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Normally, municipal bonds are good deals for investors in high tax brackets, but they’re not necessarily worthwhile for people with moderate incomes. But, of course, these are not normal times. “Today, municipal bonds might be good for all investors,” says Tim McGregor, director of municipal fixed income at Northern Trust Corp. based in Chicago, observing that the forces of economic crisis have turned “munis” into an attractive safe haven.
McGregor makes sense, considering that if you invest in 10-year Treasury bonds today, you might receive a yield of between 3% and 3.5%. Assuming you’re in the highest federal income tax bracket, paying 35% to the Internal Revenue Service, you’d net a little more than 2%, after tax. In a 25% tax bracket, you’d wind up with about 2.4% to spend or reinvest. But compare those yields to a top-rated 10-year municipal bond. According to Bloomberg.com, you’d receive more than 4%–and you’d owe nothing to the IRS because muni bond interest is exempt from federal income tax. Therefore, you’d have almost twice as much after-tax income from munis compared with Treasuries.
Municipal bonds, of course, are a way for cities, counties, and states to raise funds for projects and other operations. Governments issue bonds as a way to borrow from the public with a promise to pay back (with interest) after a period as short as a few months or as long as 40 years.Â Munis have historically paid less interest than taxable bonds, but according to McGregor, that’s now changing. “First, virtually all types of investments suffered in 2008, so investors put their money in U.S. Treasury issues, which are considered a safe haven. Greater demand pushed up the price of Treasuries, and higher bond prices mean lower yields for investors.” Secondly, notes McGregor, “many hedge funds had large positions in municipal bonds. Those funds had to raise money to repay debt in the financial crisis, so they sold their munis to raise cash.” Just as strong demand for Treasuries lowered yields there, increased sales of municipal bonds lowered prices and therefore raised yields.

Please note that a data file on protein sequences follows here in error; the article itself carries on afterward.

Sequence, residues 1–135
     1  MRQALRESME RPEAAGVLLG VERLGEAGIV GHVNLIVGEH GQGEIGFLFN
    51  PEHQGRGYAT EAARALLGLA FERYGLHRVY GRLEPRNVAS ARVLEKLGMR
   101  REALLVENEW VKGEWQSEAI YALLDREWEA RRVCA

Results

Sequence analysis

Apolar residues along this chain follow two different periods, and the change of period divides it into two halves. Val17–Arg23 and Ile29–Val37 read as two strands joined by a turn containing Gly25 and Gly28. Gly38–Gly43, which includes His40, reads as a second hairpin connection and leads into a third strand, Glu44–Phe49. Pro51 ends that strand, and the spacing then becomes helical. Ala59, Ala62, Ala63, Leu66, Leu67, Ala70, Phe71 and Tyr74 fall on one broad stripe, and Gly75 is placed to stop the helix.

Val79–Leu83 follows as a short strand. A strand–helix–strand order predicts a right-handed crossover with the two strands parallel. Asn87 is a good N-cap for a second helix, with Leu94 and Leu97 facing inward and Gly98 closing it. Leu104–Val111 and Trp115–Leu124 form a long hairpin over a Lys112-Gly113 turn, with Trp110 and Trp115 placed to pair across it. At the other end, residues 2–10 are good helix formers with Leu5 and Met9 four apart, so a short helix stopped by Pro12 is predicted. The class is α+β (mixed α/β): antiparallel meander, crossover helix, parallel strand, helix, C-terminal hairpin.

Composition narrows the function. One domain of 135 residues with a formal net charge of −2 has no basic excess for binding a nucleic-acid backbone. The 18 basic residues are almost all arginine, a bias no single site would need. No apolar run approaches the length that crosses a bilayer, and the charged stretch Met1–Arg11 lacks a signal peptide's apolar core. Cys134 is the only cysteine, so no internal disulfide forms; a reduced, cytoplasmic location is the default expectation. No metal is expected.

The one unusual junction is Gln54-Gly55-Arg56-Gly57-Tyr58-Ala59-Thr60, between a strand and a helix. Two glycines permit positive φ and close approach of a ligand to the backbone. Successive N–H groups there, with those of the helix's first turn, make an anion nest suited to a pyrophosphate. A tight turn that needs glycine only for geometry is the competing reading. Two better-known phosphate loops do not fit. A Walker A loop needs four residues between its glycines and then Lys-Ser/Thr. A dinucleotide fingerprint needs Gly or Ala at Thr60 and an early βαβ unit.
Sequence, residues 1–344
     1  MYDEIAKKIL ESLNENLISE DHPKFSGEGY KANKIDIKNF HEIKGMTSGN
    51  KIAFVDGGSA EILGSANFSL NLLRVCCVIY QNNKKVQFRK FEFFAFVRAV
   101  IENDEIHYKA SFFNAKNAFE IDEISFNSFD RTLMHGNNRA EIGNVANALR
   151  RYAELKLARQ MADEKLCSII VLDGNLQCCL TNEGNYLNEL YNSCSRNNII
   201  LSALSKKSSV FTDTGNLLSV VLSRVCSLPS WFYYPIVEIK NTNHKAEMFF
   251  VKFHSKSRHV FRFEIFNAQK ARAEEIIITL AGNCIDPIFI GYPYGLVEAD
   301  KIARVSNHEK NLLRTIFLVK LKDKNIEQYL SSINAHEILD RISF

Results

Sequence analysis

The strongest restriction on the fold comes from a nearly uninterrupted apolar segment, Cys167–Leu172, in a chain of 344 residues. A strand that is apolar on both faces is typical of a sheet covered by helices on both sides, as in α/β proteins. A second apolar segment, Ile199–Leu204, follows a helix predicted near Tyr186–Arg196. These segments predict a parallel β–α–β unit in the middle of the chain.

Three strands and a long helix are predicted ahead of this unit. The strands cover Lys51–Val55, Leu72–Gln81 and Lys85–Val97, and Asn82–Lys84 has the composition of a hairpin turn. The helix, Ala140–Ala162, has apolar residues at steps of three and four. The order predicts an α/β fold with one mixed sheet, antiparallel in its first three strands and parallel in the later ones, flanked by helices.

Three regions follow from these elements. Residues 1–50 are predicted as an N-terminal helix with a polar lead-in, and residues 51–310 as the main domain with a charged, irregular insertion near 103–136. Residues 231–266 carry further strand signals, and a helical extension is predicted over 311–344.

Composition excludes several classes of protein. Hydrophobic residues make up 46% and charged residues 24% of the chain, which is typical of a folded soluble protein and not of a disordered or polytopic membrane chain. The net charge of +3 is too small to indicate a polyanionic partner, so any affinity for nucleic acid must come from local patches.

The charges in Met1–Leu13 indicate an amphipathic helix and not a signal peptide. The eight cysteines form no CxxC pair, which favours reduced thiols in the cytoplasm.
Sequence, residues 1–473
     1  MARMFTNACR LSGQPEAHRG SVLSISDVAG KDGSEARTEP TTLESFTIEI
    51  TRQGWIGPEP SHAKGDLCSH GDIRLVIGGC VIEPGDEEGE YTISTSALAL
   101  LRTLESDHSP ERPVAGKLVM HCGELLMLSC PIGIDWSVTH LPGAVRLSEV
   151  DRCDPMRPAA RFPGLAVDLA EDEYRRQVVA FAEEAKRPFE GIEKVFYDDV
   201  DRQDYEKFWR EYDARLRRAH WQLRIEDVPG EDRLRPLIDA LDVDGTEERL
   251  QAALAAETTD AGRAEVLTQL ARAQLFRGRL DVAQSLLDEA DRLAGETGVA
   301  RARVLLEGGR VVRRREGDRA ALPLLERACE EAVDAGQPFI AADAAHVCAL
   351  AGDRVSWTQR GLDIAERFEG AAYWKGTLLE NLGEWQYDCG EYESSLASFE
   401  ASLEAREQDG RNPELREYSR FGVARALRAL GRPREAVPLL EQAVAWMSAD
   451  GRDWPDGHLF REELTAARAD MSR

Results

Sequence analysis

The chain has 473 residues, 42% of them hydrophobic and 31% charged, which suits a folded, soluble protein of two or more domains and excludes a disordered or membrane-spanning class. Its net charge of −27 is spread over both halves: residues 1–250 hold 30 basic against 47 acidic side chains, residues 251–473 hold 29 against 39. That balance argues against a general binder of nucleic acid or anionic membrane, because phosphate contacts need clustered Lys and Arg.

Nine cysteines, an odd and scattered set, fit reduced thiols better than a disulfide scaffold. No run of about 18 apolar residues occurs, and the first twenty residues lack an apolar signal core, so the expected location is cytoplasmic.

Bonds or Bond Funds?
Munis may not yield more than Treasuries for much longer. If you think this is a good time to invest for high tax-exempt income, you can buy individual bonds or choose among many municipal bond funds. Buying individual bonds gives you more control over your portfolio and probably will deliver a return of principal when each bond matures. Buying through a fund gives you diversification, which reduces your risks. “If you’re buying bond funds, costs are critical,” says Diahann W. Lassus, CFP, CPA/PFS of Lassus Wherley, a wealth management firm in New Providence, New Jersey. According to fund tracker Morningstar, the average municipal bond fund yields–a little more than 4% now—and charges investors about 1% a year. If you can find a fund with an expense ratio that’s much lower than average, you’ll probably increase your long-term return.